Kerr may be having some trials and tribulations in her own life, but her chatbot Sal is overwhelmingly zen, posting pictures of waterfalls, sunsets, meditation bowls, and “getting into the artsy zone” by painting a watercolour of a beach.

Sal’s account, which has about 2,760 followers, has been quiet since the start of March.

Albrechtsen’s surprising ‘no sides’ sermon

In among the myriad court actions that began after allegations surfaced that Bruce Lehrmann raped his Liberal party staffer colleague Brittany Higgins in Parliament House was the inquiry into the failed prosecution of Lehrmann. That had adverse findings against ACT director of public prosecutions Shane Drumgold, who then launched his own legal manoeuvre to quash those findings.

When the ACT supreme court handed down its findings in that matter, there were 293 mentions of Janet Albrechtsen, columnist at The Australian. That is just a tot higher than the number of interactions she had with the head of the inquiry, Walter Sofronoff.

Albrechtsen had 273 “interactions” with Sofronoff, including “private and secret” text messages. Lawyers for the ACT government and the board of inquiry told the court there was no “proper basis” to suggested she was an “advocate” for Lehrmann or had “infected” Sofronoff with bias.

Some still had concerns. “We have seen [Albrechtsen] become a player, rather than a mere reporter,” Margaret Simons wrote in Guardian Australia last week.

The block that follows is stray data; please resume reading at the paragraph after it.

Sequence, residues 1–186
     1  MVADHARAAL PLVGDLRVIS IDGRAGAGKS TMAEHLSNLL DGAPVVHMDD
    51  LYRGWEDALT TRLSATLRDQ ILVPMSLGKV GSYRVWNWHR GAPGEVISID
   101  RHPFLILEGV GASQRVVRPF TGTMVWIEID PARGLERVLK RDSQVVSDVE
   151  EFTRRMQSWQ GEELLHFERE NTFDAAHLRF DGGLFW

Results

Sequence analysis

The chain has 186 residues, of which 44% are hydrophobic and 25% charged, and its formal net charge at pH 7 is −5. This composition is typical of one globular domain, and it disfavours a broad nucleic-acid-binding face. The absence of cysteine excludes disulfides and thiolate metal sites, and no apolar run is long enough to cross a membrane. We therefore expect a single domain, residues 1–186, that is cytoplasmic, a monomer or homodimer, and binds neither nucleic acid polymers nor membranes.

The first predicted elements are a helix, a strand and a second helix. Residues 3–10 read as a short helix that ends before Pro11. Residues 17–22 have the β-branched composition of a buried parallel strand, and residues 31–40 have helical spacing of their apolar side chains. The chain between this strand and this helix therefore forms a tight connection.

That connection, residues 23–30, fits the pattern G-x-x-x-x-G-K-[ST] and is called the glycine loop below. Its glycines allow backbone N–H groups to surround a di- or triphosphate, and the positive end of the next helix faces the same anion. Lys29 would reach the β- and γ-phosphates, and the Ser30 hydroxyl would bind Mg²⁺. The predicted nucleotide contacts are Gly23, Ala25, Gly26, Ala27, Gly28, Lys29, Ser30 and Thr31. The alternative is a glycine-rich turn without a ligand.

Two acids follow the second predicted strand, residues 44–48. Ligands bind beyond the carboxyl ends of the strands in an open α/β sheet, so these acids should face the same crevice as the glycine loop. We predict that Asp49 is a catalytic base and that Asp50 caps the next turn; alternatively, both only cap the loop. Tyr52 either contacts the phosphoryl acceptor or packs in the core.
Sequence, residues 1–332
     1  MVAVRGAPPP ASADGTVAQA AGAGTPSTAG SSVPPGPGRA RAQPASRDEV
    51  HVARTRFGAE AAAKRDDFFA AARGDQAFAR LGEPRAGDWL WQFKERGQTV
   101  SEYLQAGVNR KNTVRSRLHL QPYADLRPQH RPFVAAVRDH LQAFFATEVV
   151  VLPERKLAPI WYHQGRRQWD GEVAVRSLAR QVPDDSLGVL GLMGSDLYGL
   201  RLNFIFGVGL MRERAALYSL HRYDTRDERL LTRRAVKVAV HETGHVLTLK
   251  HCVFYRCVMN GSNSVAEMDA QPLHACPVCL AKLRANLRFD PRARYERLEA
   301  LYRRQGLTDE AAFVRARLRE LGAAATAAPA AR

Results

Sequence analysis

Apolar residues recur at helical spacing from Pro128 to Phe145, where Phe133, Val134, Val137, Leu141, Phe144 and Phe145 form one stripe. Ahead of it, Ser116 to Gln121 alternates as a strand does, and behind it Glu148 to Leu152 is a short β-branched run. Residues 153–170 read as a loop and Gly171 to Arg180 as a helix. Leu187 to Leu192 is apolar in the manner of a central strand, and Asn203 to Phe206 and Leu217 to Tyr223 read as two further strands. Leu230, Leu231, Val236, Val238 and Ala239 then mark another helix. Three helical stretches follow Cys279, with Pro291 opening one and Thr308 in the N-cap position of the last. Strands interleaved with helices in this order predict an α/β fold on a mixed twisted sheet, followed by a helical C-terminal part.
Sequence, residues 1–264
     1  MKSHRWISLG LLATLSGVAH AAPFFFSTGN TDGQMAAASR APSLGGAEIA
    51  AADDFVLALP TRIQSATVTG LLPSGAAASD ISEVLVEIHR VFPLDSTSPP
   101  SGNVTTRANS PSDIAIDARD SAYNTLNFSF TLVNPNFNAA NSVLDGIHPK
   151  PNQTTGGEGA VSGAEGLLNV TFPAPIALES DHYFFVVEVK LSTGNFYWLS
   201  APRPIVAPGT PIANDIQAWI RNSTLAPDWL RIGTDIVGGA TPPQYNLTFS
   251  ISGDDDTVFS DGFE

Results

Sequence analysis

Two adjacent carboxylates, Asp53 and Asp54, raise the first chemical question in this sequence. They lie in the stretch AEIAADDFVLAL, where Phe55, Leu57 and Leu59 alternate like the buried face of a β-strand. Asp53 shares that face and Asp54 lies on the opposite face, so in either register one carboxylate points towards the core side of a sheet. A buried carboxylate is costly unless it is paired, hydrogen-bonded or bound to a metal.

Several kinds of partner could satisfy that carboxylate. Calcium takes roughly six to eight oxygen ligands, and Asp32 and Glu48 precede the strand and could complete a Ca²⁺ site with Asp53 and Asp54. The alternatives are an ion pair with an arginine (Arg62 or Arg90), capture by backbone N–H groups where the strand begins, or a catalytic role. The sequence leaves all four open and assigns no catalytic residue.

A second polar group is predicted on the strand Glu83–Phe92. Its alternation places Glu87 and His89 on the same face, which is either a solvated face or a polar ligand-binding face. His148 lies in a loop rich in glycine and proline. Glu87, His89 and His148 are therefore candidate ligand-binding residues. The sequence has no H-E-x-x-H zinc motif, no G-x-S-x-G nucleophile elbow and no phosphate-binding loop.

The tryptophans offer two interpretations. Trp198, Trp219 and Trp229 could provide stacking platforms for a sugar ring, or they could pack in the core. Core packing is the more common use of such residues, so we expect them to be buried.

But Albrechtsen wrote this week that, in fact, too many other people took sides in the Lehrmann-Higgins saga. And the Australian was not among them. “When guided by principles, there is no taking sides,” she wrote.

Dias’s departure ruffles feathers

News that ABC’s south Asia correspondent Avani Dias left India after the government there made her job and visa application “too difficult” hit headlines around the world, including in the New York Times, the Independent and Hong Kong’s paper of record, South China Morning Post.

Most were critical of the ongoing pressure on press freedom under the prime minister, Narendra Modi, who is seeking a third term at the current elections.

Indian news outlet NDTV, however, spoke to anonymous sources who said Dias’s claims were “misleading”. That’s the same NDTV that has been bleeding journalistic talent in the wake of concerns about its independence since being taken over by billionaire Gautam Adani, a close friend of Modi’s.

At the time, Reporters Without Borders raised concerns that Adani’s “unconcealed proximity to India’s ruling party raises serious questions about respect for NDTV editorial independence”.

Some might think that such coverage risks supporting Dias’s point.

Source: theguardian.com